Former Surprise employee who stole $836K from city gets 1 year in jail

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PHOENIX (AP) — A former Surprise revenue manager was sentenced to a year in jail and ordered to repay $836,000 she stole from the city.

Authorities said Estella Sanchez also was sentenced Wednesday in Maricopa County Superior Court to at least five years’ probation and 40 hours of community service.

Ms. Sanchez worked about 17 years for the city before she was fired in March 2014 after an internal auditor noticed a discrepancy.

A county grand jury indicted Ms. Sanchez in April 2016 on suspicion of theft, fraud and custodial violations of public money.

Surprise officials said the city has since changed the way it handles money, implementing internal controls and security measures.

Years of stealing from Surprise

Back in 2016, the city of Surprise sent out a release of the indictments against Ms. Sanchez. She had apparently been stealing city funds over a seven-year period.

The city stated it was able to recover $836,000 via insurance.

In her 17 years, Ms. Sanchez held a variety of positions within the finance department and eventually rose up the ranks to become a revenue manager, overseeing cash handling responsibilities.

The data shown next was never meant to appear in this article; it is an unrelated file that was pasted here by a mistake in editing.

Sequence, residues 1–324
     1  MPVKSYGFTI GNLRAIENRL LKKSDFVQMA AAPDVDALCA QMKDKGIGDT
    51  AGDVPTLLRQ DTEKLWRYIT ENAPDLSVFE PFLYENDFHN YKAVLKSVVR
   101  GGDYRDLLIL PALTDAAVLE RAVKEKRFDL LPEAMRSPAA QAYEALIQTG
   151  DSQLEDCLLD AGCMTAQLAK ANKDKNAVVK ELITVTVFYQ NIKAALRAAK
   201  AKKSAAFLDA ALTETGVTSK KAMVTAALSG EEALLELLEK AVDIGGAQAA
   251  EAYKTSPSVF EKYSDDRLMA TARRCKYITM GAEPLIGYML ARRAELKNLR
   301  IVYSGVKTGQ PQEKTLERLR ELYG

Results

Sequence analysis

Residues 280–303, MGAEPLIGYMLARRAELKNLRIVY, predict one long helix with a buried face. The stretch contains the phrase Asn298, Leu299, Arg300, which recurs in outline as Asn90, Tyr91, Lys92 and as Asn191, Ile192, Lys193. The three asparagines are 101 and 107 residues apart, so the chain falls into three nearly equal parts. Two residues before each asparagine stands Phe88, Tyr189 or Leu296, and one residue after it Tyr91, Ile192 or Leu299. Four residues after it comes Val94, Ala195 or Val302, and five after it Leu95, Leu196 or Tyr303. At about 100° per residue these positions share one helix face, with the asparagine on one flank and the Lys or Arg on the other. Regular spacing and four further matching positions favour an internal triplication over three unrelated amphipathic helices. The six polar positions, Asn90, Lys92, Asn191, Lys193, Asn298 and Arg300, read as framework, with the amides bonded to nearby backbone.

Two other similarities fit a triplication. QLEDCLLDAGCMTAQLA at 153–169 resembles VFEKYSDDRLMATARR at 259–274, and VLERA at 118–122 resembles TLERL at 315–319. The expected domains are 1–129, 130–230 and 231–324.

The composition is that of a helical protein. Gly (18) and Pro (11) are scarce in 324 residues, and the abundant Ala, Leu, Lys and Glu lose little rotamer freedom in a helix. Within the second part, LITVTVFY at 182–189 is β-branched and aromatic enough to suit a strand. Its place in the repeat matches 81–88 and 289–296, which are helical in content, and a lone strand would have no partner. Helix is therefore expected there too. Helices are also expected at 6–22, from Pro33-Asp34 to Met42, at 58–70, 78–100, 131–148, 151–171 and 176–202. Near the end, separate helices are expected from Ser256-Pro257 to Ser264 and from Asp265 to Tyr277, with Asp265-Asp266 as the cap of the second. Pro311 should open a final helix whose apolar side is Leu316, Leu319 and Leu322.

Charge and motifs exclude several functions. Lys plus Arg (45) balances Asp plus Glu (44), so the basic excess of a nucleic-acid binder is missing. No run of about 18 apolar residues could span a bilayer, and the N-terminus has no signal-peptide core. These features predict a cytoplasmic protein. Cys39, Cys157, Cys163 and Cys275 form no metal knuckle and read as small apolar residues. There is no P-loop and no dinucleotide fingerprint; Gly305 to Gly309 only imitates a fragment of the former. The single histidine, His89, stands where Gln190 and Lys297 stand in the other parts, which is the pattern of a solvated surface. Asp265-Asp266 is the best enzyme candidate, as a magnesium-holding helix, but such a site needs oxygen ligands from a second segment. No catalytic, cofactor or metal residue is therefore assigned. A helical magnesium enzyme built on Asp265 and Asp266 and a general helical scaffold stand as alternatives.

Following a routine internal audit into cash handling practices, a discrepancy was discovered in the petty cash count.

On Feb. 27, 2014, an internal auditor questioned her about the discrepancy. She was placed on immediate administrative leave as the internal investigation continued.

Officials looked into cash handling discrepancies going back to the year 2007.

She was accused of improperly handling checks written to the city and taking the cash equivalent of those checks out of petty cash for her own use before delivering the checks to the bank for deposit.

Improved internal controls since the discovery

According to the city’s release, Surprise has adopted the following measures to ensure proper process for handling city money:

  • Increased the number of staff that are responsible for overseeing and reconciling city money and checks to ensure each task in the handling, recording, and reconciling of cash is conducted by a different person
  • Reduced the number of city cash handling sites and reduced the amount of cash and checks handled at those locations
  • Instituted comprehensive cash handling procedures
  • Updated procedures to include the regular review of separate software systems to ensure the financial data matches between those systems
  • Created an Internal Audit Committee, comprised of two Council Members, three community stakeholders, and two department directors.
  • Drafted an internal audit charter, the Audit Committee charter, and numerous audit procedures conducive to continued improvement and the development of best practices.


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